“Access to the latest workplace skills is crucial for success everywhere, including Japan, and Udemy is the world’s largest marketplace enabling professional transformation. With this partnership, we envision a world where more people can continue to learn continuously throughout their lives,” said Tamotsu Adachi, Representative Director, President and CEO of Benesse Holdings Inc., in a statement. “Udemy and Benesse are incredibly synergistic businesses. This investment is the next progression in our business relationship and demonstrates our confidence in what we can accomplish together.”
Udemy’s expansion comes at a time when online education overall has generally continued to grow, although not without bumps.
Among those that compete at least in part with it, Coursera last year announced a $103 million round of funding at a $1 billion+ valuation and made its first acquisition to expand how it teaches programming and other computer science subjects. And in Asia, Byju’s in India is now valued at $8 billion after a quick succession of large growth rounds. We’ve also heard that Age of Learning, which quietly raised at a $1 billion valuation in 2016, is also gearing up for another round.
On the other hand, not all is rosy. Another big name in online learning, Udacity (not to be confused with Udemy), laid off 20% of its workforce amid a larger restructuring; and further afield, Kano — which merges online learning with DIY hardware kits — has also laid off and restructured in recent months. Meanwhile, we don’t seem to hear much these days from LinkedIn Learning, another would-be competitor that rebranded Lynda.com after it was acquired by the social networking site (itself owned by Microsoft).
Unlike Coursera and others that aim for full degrees that are potentially aiming to disrupt higher education, Udemy focuses on short courses, either simply for the student’s own interest, or potentially for certifications from organizations that either help administer the courses or “own” the subject in question. (For example, Cisco for networking certifications, or Microsoft for its software packages, or the PMI for a course related to project management.)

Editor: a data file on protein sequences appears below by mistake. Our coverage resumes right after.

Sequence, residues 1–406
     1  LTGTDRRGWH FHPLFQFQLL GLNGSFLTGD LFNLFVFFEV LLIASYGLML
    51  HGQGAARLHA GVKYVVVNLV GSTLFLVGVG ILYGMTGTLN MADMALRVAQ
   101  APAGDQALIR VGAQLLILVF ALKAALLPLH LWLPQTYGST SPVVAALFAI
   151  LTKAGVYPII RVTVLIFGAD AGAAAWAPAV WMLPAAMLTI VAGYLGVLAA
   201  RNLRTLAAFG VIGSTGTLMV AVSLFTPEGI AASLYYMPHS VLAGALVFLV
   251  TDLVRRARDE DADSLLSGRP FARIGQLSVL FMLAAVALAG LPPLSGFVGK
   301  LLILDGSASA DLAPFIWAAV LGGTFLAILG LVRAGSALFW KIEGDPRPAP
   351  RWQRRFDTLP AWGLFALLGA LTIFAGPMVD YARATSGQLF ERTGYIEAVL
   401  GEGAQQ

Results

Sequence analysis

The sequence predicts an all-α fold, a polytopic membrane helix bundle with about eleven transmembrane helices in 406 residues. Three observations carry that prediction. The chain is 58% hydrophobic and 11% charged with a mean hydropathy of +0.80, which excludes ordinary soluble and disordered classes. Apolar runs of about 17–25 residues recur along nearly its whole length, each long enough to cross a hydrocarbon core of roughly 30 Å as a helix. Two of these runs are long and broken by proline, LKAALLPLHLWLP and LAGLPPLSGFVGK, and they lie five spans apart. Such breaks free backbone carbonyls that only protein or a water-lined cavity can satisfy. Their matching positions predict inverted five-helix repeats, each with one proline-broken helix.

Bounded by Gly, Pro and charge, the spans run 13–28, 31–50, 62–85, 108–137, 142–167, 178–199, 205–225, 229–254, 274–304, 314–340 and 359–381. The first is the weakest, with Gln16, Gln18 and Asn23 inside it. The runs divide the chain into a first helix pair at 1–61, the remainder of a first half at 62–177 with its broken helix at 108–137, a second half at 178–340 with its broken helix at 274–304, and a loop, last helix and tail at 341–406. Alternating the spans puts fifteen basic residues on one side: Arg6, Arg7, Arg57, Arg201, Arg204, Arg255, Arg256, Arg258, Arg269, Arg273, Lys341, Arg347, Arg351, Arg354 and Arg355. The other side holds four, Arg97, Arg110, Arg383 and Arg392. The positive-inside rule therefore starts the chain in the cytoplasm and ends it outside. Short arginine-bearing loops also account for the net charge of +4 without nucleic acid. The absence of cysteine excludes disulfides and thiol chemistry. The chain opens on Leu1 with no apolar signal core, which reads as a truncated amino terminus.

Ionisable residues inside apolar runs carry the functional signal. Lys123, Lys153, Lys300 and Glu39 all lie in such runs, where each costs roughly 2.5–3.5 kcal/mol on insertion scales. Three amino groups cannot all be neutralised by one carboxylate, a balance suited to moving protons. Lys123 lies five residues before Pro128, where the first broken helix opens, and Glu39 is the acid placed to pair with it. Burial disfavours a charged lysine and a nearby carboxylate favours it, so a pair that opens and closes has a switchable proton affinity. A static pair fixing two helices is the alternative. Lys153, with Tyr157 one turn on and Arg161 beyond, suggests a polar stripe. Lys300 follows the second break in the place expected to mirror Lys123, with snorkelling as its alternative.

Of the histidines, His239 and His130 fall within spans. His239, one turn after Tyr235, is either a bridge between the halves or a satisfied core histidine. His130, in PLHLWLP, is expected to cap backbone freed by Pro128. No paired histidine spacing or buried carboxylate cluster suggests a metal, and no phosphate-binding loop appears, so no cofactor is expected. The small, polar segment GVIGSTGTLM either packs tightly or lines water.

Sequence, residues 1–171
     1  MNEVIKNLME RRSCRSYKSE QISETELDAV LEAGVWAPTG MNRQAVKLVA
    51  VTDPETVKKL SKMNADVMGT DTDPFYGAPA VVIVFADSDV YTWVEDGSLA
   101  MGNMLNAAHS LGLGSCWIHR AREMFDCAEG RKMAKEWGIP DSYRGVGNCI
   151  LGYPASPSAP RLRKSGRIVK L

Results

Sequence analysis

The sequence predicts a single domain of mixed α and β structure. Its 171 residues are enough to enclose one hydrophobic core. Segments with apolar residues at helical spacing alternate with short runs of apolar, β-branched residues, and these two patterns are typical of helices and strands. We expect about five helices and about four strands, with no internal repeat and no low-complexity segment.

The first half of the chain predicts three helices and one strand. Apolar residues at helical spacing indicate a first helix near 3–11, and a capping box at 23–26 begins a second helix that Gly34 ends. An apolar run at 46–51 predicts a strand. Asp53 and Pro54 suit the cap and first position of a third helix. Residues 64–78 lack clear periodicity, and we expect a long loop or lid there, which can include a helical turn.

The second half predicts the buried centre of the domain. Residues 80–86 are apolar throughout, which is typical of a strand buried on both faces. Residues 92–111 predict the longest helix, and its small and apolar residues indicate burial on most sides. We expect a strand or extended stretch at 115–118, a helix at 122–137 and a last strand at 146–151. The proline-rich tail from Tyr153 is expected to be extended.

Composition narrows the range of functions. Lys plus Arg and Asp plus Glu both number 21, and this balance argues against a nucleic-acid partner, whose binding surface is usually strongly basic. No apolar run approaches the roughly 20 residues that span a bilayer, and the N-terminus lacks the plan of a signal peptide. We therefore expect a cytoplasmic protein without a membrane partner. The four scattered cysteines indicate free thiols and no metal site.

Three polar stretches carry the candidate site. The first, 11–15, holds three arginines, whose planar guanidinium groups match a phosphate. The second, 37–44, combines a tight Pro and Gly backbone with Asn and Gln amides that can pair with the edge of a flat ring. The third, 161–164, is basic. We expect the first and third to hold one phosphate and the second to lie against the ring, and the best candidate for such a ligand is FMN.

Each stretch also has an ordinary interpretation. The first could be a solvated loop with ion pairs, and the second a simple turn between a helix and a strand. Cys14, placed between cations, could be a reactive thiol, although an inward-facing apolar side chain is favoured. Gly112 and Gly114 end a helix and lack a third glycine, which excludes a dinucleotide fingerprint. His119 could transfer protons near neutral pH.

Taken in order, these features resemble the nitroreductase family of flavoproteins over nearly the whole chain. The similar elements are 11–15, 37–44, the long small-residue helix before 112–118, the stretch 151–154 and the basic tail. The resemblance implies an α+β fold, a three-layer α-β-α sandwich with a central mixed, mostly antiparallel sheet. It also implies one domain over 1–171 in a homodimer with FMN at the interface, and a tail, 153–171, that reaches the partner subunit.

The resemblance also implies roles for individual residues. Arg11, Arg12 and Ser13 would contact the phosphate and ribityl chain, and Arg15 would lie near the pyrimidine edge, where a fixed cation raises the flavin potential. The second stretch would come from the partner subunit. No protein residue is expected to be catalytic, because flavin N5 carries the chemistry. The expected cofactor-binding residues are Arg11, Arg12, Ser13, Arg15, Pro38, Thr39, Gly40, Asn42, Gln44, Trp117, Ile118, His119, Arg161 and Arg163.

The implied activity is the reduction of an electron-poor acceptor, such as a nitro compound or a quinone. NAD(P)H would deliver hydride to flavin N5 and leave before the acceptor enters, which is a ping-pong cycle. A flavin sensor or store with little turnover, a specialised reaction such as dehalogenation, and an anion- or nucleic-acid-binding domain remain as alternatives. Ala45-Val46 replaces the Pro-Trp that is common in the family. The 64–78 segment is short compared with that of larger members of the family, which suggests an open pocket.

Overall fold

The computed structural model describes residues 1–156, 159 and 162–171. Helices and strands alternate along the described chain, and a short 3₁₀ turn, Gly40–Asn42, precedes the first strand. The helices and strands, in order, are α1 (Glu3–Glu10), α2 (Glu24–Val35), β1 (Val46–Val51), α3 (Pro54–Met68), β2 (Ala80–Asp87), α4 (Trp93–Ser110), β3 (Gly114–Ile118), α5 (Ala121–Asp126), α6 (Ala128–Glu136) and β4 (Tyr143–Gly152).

Those courses are delivered by individuals who form the other half of Udemy’s two-sided marketplace. In the 10 years that it’s been in business, Udemy has worked with some 57,000 instructors to develop courses, and in the marketplace model, Shimkus told TechCrunch that those instructors have netted $350 million in payments to date. (He would not disclose Udemy’s cut on those courses, nor whether the company is currently profitable.)
There are a lot of areas that Udemy has yet to tackle that present opportunities for how it might evolve. Working with both enterprises and a large base of consumer usage, there is, for example, a lot of scope to develop more data analytics about what is used, what is popular, and how to tailor courses in a better way to fit those models to improve outcomes and engagement.
Another area potentially could see Udemy moving deeper into specific subject areas like language learning, where it offers some courses today but has a lot of scope for growing, particularly leaning on what Benesse has with Berlitz. To date, Udemy has made no acquisitions, but that is also a route that could also become an option, Shimkus said.